Mystery of Kedareshwar cave temple marking Kalyugs end
There are numerous unresolved and hidden secrets in India’s ancient history that are well beyond the human mind’s comprehension, as even after trying to decipher them for centuries, they still remain to be unresolved. The Kedareshwar cave, which is located near Harishchandragad, in Ahmednagar, Maharashtra, is one such mystery.
The iconic place of Harishchandragad is located in Malshej Ghat in the district of Ahmednagar at an altitude of 4,670 feet. Harishchandragad happens to be home of the Kedareshwar Cave Temple. The fort is also a very popular trekking destination.
The Kedareshwar temple is truly unlike any other temple you would have ever visited. The temple’s location being inside a cave, along with it being in the presence of water all through the year, makes it one of the mo st unusual and unique temples not only in Maharashtra but the entire country.
This temple carved from a monolithic structure has unique sculptures and an inscription done by Rishi Changdev in the Devanagari script. The carvings inside this temple and in Kedareshwar cave suggest that the fort belongs to the medieval period which is also in resemblance with the style of architecture.
The Saptatirtha Pushkarni, alternatively known as the Seven Waters, is located on the eastern part of the temple and is actually known for its medicinal abilities. This river called as Mangal Ganga, is said to have its source in the water reservoirs that are surrounding the temple. There are many points of interest here, and one can truly appreciate the tranquillity & worn pebbles and breath-taking view from this lovely point.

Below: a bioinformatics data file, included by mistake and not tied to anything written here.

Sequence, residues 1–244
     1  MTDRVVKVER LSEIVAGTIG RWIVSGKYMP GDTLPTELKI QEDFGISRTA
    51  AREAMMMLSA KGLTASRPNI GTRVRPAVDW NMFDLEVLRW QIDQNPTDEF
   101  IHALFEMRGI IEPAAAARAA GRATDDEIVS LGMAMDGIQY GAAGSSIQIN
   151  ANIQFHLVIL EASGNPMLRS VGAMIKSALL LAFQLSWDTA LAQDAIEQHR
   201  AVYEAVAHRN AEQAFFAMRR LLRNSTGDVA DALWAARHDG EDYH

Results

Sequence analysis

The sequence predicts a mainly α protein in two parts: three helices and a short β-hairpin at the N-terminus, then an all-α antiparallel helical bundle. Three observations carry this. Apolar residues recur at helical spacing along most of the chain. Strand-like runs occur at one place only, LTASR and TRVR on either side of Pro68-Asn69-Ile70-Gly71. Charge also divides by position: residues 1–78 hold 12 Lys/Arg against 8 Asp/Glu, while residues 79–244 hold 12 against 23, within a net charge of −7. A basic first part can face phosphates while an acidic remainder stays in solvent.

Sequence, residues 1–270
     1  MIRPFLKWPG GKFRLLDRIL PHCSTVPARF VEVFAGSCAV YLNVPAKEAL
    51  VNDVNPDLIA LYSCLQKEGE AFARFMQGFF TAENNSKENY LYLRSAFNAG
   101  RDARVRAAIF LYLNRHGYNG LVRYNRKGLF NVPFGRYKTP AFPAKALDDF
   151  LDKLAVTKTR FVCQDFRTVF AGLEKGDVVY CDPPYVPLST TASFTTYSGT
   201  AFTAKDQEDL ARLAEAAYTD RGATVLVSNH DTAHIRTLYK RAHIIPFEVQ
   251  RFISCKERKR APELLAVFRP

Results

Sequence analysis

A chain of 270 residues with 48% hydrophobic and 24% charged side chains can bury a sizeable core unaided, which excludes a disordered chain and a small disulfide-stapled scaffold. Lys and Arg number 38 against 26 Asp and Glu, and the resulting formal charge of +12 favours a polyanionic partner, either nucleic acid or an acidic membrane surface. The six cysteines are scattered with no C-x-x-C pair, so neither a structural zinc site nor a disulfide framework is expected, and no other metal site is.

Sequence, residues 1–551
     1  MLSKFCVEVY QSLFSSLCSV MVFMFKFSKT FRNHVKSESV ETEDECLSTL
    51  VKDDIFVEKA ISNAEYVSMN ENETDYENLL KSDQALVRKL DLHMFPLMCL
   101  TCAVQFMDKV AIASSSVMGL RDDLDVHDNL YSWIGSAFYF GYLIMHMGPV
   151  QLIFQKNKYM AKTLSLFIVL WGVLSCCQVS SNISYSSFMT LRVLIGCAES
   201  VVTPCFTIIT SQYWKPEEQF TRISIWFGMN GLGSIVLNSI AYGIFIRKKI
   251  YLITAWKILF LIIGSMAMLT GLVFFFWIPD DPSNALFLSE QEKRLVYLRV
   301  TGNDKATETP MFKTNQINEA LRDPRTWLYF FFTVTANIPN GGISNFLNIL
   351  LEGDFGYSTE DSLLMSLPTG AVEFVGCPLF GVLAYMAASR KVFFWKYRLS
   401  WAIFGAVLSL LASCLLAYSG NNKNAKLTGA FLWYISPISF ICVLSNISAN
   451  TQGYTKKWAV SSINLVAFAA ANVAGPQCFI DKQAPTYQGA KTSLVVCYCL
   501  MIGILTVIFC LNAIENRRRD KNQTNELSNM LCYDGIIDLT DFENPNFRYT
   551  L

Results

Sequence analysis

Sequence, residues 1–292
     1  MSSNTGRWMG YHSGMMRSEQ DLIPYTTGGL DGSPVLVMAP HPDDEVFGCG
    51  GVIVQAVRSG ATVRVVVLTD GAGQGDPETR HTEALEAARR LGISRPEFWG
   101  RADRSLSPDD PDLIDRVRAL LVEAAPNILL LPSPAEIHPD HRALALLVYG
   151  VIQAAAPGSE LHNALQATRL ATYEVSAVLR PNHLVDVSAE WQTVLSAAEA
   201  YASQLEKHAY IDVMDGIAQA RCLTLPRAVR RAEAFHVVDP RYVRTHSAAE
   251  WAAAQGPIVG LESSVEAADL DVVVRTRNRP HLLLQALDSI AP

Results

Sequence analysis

The temple was built in the Hemadpanti style of architecture and is dedicated to Harishchandreshwar. According to locals there, the Kalachuri dynasty built this fort back in the 6th century, but the Harishchandragad Fort caverns were dug out in the 11th century. The carvings at the fort, as well as the many structures in the surrounding areas, signs suggest the presence of diverse cultures to have resided there.
In the cave’s centre is a Shiva Linga that is about five feet tall. To get to the Shiva Linga, one has to wade or swim through waist-deep and truly ice-cold water. Locals say that this cave is mostly inaccessible in the monsoon because of a huge stream that flows across the way. Another interesting point is that water seeps into this temple every day through the four walls.
Only one of the four pillars that once surrounded the Linga still stands in its complete, original form. It is believed the pillars Satya, Tretha, Dwapara, and the Kali Yuga, are emblems of yugas or the periods of time. A pillar is believed to break off at the end of each yuga. The current pillar is thought to represent the Kali Yug, which is the very last yuga. As a result, there is a belief that the world would end when the final and surviving pillar breaks.
Our advise would be to is to visit the place to seek peace of mind & expecrience natural zest at the Kedareshwar Cave. In no way will the visit disappoint you.